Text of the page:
Many laboratory tests can be helpful in assessing hydration status in the elderly (see Table 2 in the original guideline document). It should be noted that the blood tests are better predictors of actual dehydration and the urine tests are better at predicting impending dehydration or those patients at risk for developing dehydration and it is important to obtain a baseline value for comparison and evaluation of significant changes (EG = B2; EG = D; EG = C1). Saliva analysis for osmolality has been explored and appears promising although no normative values have been established (EG = B2). Bioelectrical Impedance Analysis has been used to estimate total body water in research studies (EG = C1).
Cognitive impairments, functional dependence and depression have all been identified as risk factors for dehydration in the elderly, therefore the following assessments are recommended:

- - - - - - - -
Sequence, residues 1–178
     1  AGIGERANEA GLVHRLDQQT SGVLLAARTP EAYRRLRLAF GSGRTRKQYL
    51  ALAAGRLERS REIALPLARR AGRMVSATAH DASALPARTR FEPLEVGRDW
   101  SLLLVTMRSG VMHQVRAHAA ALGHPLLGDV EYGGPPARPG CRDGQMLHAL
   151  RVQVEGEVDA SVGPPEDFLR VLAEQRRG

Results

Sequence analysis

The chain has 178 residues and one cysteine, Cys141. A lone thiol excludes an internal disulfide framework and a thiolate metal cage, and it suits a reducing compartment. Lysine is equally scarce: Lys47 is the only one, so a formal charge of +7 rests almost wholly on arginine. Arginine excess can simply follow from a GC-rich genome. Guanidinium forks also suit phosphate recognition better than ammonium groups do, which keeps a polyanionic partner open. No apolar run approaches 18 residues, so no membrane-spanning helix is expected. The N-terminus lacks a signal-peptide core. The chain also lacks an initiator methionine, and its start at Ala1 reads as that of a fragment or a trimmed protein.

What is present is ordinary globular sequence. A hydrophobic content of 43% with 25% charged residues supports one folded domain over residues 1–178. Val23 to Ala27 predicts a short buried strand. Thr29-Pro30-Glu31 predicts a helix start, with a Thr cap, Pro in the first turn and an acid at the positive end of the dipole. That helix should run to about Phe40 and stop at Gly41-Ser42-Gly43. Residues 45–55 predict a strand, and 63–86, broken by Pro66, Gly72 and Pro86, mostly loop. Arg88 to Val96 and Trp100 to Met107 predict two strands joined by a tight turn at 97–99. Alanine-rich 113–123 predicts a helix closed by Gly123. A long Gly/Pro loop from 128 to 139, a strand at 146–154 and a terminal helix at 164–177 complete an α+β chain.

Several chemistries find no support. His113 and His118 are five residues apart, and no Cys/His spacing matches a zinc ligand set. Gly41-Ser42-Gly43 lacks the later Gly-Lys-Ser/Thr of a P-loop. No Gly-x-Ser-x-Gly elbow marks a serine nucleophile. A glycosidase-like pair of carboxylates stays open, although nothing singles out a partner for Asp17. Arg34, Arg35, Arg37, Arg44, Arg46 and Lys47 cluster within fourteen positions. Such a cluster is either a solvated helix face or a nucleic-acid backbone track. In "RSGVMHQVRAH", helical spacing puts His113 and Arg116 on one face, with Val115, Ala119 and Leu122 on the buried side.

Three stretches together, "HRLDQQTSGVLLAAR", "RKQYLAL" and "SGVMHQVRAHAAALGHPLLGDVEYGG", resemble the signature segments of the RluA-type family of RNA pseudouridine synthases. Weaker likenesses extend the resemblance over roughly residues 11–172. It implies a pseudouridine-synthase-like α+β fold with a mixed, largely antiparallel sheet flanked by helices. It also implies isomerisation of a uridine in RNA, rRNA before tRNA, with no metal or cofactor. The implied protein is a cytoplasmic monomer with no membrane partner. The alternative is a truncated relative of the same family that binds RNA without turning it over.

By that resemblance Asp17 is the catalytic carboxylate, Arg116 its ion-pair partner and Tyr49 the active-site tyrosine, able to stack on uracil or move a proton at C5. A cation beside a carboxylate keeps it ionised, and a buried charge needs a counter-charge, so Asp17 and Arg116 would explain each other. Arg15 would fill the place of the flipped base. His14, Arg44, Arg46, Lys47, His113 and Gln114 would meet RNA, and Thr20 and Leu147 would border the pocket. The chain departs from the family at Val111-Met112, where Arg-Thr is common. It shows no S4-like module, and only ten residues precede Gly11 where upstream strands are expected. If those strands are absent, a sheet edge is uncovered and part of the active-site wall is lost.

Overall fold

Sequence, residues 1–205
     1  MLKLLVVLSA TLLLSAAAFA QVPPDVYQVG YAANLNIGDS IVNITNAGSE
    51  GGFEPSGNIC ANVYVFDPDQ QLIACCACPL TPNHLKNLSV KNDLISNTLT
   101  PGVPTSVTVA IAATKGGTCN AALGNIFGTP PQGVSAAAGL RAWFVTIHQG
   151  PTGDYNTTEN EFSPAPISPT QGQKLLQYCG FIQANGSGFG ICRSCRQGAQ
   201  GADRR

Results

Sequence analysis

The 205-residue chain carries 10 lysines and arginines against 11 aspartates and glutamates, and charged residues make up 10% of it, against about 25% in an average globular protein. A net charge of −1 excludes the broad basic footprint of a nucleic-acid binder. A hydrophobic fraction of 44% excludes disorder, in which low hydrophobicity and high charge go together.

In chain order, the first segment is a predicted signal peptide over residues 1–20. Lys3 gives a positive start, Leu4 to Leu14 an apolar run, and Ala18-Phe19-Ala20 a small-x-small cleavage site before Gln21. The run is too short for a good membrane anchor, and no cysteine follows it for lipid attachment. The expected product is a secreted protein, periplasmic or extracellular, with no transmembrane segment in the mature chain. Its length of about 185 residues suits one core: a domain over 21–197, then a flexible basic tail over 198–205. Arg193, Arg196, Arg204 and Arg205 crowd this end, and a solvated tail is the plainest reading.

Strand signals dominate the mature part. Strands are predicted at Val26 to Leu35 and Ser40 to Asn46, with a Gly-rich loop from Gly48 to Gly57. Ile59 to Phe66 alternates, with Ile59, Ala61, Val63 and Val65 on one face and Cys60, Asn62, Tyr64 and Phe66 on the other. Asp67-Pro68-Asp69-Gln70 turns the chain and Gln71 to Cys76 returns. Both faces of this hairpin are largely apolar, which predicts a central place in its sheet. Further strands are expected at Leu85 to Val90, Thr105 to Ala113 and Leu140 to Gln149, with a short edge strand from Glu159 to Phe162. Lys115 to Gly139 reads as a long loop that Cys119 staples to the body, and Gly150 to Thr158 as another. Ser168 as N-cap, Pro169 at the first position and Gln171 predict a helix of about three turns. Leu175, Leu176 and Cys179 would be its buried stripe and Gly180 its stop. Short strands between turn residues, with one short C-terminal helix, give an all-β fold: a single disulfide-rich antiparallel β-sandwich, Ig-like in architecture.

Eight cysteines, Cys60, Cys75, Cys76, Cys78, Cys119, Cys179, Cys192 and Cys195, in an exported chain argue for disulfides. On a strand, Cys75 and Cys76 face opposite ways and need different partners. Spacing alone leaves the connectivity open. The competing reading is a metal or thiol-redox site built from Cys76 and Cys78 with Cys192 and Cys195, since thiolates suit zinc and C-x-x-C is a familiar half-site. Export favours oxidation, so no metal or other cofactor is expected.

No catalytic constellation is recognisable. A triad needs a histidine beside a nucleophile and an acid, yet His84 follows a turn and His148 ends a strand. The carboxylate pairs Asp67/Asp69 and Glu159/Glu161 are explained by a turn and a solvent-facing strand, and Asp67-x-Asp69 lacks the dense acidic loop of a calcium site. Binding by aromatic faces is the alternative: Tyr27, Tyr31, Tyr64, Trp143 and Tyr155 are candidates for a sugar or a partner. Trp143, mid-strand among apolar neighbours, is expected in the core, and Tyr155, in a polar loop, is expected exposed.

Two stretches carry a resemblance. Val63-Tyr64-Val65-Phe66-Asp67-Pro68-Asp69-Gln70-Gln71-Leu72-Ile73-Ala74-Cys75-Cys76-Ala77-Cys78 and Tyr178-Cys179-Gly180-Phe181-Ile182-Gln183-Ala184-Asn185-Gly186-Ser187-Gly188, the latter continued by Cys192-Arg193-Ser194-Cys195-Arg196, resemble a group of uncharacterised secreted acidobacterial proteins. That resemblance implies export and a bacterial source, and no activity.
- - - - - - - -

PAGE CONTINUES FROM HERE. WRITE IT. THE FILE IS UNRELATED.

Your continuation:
- Cognitive screening (one of the following): Mini Mental State Exam (MMSE), Short Orientation Memory Test, Short Portable Mental Status Questionnaire (SPMSQ), Minimum Data Set (MDS) Cognitive Performance Scale
- Activities of daily living (ADLs) (one of the following): Katz ADLs, Functional Independence Measure (FIM), ADL section from Resident Assessment Instrument of MDS, Barthel Index
- Mood (one of the following): Geriatric Depression Scale (GDS), Beck Depression Scale, Cornell Scale for Depression in Dementia
Individual Fluid Intake Behaviors
An individual's fluid intake behavior is important to assess. When assessing the individual's usual fluid intake pattern ask the following:
- Do they consume most of their fluids during meals?
- At what time of the day do they consume the most fluids?
- What is the actual amount of fluid intake?
- What types of fluids are preferred?
Assess any problematic behaviors associated with fluid intake. These include choking, drooling, spilling, visual impairment, inability to hold a cup independently, or resistance to drinking due to fear of incontinence (EG = C1).